- The Washington Times - Thursday, July 21, 2005

Meet one of America’s biggest headaches. His name is Jesus Garcia. Jesus, his wife and their three children (including their infant daughter) live in Tucson, Ariz. Jesus says he is 48 years old, was born in Sonora, works in construction and pays taxes.Sowhat’sthe headache? Jesus is an undocumented alien.

Honestly, we don’t know whether Jesus is his real name, how old he is, whether he is Mexican. What we do know is that he and 10.3 million to 11 million people like him are on American soil without America’s permission.

Now, I happen to be one of those folks who don’t feel quite comfortable calling Jesus and the others illegal aliens. To call them illegal immigrants isn’t quite right either, since they are on the wrong side of immigration law. Notwithstanding that sentiment, the bottom line is that Jesus is here illegally and should be shipped back to Mexico ASAP.

Problem is — despite the fact that Jesus has conceded that he is breaking the law — Arizona and federal authorities will leave him be. In fact, Arizona’s senators — Jon Kyl and John McCain — don’t want authorities laying a tough hand on any illegal alien; they want to toy around with federal immigration law so that Jesus can back track and prove, from here on out, that he will voluntarily do all the lawful things it takes to become a true “immigrant.”

Jesus believes the two senators are on opposing ends of immigration reform. He says legislation proposed by Mr. Kyl and another Republican senator, John Cornyn of Texas, would punish families like his because it would force them to return home, stay there awhile, and then seek permission for re-entry to live or work here. Jesus is quite defiant, giving me the sense that he isn’t budging. “My life is here,” he tells the Arizona Republic. “I have a family here; I have kids. Within five years, I would have to go back (to Mexico)? It’s not fair. It’s not just.”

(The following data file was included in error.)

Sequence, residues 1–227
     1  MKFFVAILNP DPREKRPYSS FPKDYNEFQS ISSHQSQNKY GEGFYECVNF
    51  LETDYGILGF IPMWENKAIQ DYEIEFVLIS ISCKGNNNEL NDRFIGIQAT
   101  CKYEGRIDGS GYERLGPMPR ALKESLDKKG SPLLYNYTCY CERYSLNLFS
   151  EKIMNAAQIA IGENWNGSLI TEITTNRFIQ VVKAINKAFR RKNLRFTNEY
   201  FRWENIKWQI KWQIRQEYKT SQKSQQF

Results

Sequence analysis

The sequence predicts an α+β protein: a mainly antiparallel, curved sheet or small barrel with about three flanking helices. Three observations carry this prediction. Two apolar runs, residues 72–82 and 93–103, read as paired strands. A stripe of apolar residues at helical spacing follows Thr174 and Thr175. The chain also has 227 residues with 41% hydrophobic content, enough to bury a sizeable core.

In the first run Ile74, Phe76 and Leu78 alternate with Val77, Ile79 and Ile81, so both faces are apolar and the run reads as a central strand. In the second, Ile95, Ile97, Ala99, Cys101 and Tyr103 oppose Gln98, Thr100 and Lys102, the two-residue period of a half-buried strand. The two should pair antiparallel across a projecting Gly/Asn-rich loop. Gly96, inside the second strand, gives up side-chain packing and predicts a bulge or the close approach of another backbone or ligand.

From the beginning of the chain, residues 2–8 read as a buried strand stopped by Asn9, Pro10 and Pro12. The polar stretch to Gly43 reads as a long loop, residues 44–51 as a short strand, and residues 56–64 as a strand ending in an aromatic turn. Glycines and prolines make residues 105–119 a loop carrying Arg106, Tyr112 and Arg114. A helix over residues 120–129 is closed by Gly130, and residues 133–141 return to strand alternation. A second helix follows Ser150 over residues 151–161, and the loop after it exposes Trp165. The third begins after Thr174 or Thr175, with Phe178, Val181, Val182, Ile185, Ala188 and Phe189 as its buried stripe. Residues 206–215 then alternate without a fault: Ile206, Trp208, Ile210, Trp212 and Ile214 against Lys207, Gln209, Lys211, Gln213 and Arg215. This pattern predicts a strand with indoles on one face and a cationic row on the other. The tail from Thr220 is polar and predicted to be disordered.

Hey, life ain’t fair. Life ain’t just.

The law is the law, and Jesus and millions like him flaunt their lawlessness in our faces every day.

Each day, thousands of Mexicans and people from other points south and east try to steal their way onto American soil. Hundreds of them succeed. Once here, they try to blend in and assimilate, much as terrorists are instructed to do when in the presence of their enemies. Through integration, the difficulty in distinguishing the good guys (immigrants and visitors) from the bad guys (illegal aliens and terrorists) is stark.

Look at Jesus. If he is to be believed, he has been here illegally for 10 long years. His wife is here illegally, too. Nobody asks them to prove who they are. Nobody even questions how they get ID. Nobody’s questioning their employers. Nobody’s criticizing the fact that Jesus and the millions of others are taking away jobs from Americans and immigrants who are here legally.

The Kyl-Cornyn bill is too soft because it allows illegals to continue working and voluntarily offer to return home. Another Senate bill — this one offered by Mr. McCain and Ted Kennedy, and given a thumbs up by Jesus — puts illegals on the path to citizenship at our expense and swings wide the door for more. In other words, both pieces of legislation are essentially guest-worker bills.

Neither bill is in the law-and-order mold that would have stopped Pancho Villa in his tracks or, short of that, given federal enforcers the teeth and tools they would have needed to push Villa back across the border.

With the exception of House Majority Leader Tom DeLay, Capitol Hill lawmakers’ spines seemingly lack the law enforcement backbone called political will. One of Jesus’ congressional delegates, Rep. Raul Giljalva, who says his parents emigrated from Mexico after World War II, is quiet, too.

Mr. Delay says he wants tighter and safer borders first: “We’ll probably have a law-enforcement-type bill, working with the Senate and the administration. Once we convince the American people we can secure the borders and enforce the law, we can discuss what is also important in this mix — and that is how to accommodate people from other parts of the [world] that want to come here, work temporarily and go back home. Some people call that a guest-worker program.”

Indeed, they do, congressman.

I just hope we don’t become so accommodating that Pancho Villa slips through a loophole wider than the Rio Grande.

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